Whether he's tracing a young man's doomed journey into the Alaskan wilderness, as he did with Into The Wild, or chronicling an ill-fated expedition to scale Mount Everest, his focus for Into Thin Air, Jon Krakauer is fascinated by human behavior that pushes the conventional limits. His new book, Under the Banner of Heaven, focuses on two Mormon fundamentalist brothers Ron and Dan Lafferty who killed their sister-in-law and her 15-month-old daughter because, they said, God told them to do it. This seems to be the season for probing the more extreme manifestations of Mormonism. Among the recent titles on the topic (both reviewed elsewhere in this issue) are Dorothy Allred Solomon's Predators, Prey, and Other Kinfolk, an account of growing up in a polygamous Mormon family during the 1950s and '60s, and Sally Denton's American Massacre, the story of the 1857 ambush of a wagon train at Mountain Meadows, Utah, a slaughter apparently ordered by Mormon chieftain Brigham Young. Krakauer alludes to Solomon's fundamentalist father and to the massacre in this probing narrative. Looking into the mind of the true believer, he observes, "Ambiguity vanishes from [his] worldview; a narcissistic sense of self-assurance displaces all doubt. A delicious rage quickens his pulse, fueled by the sins and shortcomings of lesser mortals, who are soiling the world wherever he looks. His perspective narrows until the last remnants of proportion are shed from his life. Through immoderation, he experiences something akin to rapture."Raised among Mormons he greatly admired, Krakauer treats their religion in all its theological shades quite seriously. There's never a snide remark or sarcastic aside. But his studiously balanced reporting can't soften the savagery of the deed he describes or make palatable the astounding and unrepentant arrogance of the men who committed it. In detailing the events that led to the double-murder, the author also offers a brief history of the Mormon church and the violence and doctrinal schisms that have attended its growth. To help explain why socially disturbing practices arise among certain Mormons, he examines life in the remote town of Colorado City, Arizona (formerly known as Short Creek), a fundamentalist stronghold where plural marriages, although illegal, flourish openly and at government expense. Less frightening than the killers themselves are the intellectually arid and institutionally paranoid communities that incubate them.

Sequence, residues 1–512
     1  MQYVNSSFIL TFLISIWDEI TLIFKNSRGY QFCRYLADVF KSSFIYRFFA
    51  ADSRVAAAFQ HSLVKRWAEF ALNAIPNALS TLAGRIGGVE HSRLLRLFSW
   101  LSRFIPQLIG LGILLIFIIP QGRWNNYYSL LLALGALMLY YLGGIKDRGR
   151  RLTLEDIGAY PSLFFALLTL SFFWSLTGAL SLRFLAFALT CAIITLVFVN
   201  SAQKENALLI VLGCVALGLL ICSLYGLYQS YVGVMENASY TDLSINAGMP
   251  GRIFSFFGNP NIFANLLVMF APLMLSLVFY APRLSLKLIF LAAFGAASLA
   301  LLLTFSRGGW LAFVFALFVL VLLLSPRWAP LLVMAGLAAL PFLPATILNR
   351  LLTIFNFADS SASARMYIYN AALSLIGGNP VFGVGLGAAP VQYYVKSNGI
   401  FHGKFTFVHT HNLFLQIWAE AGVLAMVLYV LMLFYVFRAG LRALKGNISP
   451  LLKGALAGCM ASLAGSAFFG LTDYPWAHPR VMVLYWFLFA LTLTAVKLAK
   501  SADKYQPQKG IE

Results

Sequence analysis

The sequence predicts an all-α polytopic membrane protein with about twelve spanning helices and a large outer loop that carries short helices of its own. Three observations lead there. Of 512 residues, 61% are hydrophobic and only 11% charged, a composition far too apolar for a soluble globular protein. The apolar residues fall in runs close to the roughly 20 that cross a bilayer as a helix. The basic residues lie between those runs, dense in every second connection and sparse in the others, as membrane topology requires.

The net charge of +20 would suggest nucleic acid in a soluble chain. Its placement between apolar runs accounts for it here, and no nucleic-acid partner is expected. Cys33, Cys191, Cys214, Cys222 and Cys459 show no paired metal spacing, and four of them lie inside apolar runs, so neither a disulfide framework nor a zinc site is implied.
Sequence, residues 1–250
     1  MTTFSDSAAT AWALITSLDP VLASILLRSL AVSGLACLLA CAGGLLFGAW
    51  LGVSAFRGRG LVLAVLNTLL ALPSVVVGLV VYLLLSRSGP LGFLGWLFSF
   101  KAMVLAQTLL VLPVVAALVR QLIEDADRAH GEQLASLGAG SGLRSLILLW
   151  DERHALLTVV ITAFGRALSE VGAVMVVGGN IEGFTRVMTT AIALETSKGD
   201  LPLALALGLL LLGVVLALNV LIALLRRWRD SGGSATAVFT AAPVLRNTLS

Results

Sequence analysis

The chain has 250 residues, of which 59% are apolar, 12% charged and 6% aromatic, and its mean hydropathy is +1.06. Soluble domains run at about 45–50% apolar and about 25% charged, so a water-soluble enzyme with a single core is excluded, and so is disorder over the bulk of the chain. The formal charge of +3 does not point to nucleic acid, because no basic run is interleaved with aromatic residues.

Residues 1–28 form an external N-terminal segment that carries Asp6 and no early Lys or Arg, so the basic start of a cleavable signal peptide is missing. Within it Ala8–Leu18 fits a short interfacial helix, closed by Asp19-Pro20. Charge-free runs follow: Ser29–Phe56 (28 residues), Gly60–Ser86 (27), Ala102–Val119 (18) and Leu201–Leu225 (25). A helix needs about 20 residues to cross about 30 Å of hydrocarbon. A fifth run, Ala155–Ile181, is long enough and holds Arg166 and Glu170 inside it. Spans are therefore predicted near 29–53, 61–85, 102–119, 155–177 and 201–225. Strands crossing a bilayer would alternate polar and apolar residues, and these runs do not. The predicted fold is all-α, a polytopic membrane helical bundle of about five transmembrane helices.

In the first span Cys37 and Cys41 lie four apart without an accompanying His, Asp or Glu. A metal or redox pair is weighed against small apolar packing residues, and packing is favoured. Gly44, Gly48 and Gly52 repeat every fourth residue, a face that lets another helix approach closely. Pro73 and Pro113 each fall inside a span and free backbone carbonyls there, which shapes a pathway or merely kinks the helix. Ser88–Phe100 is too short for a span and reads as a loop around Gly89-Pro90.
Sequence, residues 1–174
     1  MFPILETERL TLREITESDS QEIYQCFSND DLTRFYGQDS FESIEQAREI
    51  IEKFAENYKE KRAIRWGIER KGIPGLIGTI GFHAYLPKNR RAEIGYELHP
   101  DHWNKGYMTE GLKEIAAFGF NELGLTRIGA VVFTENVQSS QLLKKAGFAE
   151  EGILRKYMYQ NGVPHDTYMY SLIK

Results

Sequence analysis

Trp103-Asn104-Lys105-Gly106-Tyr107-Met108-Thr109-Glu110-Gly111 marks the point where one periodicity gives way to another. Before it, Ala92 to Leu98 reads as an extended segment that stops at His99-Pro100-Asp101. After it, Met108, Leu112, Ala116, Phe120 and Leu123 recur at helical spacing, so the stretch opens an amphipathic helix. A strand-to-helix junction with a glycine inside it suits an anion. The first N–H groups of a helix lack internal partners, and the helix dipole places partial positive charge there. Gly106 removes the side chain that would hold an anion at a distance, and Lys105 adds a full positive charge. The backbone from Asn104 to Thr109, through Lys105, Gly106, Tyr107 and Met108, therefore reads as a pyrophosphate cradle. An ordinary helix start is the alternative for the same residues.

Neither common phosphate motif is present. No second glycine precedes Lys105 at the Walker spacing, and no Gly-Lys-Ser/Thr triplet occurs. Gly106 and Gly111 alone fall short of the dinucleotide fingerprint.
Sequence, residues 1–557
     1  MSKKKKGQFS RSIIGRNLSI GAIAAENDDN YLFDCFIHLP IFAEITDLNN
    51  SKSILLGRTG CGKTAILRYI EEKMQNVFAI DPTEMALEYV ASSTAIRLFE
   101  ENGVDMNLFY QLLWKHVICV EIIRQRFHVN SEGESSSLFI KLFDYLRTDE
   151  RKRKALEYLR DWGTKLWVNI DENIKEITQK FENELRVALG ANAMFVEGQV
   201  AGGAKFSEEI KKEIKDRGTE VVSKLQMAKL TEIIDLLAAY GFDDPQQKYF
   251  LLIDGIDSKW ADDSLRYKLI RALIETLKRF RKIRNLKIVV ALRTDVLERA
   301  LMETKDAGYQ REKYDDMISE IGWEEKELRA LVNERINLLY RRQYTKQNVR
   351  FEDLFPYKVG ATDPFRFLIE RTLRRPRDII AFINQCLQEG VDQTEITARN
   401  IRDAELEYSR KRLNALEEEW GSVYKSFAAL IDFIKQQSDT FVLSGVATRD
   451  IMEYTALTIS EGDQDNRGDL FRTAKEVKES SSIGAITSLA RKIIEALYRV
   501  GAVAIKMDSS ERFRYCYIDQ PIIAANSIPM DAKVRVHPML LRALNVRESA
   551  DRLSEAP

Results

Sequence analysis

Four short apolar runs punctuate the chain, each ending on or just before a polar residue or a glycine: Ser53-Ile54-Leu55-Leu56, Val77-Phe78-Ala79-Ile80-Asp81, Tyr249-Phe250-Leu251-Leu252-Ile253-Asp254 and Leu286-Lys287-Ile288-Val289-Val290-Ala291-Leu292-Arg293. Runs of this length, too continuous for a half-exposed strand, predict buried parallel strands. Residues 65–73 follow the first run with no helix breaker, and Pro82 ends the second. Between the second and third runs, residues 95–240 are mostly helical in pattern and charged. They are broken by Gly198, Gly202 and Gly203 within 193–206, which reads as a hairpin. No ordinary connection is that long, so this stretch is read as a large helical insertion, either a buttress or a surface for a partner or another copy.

Krakauer also takes up the case of Elizabeth Smart, who last year, at the age of 14, was abducted from her home in Salt Lake City to become the "bride" of her fundamentalist kidnapper. While her kidnapping gained international attention, Krakauer shows that her fate was not radically different from that of many other young girls who have been taken into plural marriage against their will and brainwashed into conformity. Shielded by their own sense of righteousness, the Lafferty brothers made no serious effort to cover their tracks after committing the 1984 murders. They were soon apprehended and convicted. Dan was given two life sentences; Ron was condemned to death but has yet to be executed. Krakauer makes no excuses for the Laffertys, but he does demonstrate that they were shaped by a theological mold. His insightful book brings readers closer to an understanding of their insular religion. Under the Banner of Heaven is a first-rate work of nonfiction from one of our most intrepid reporters.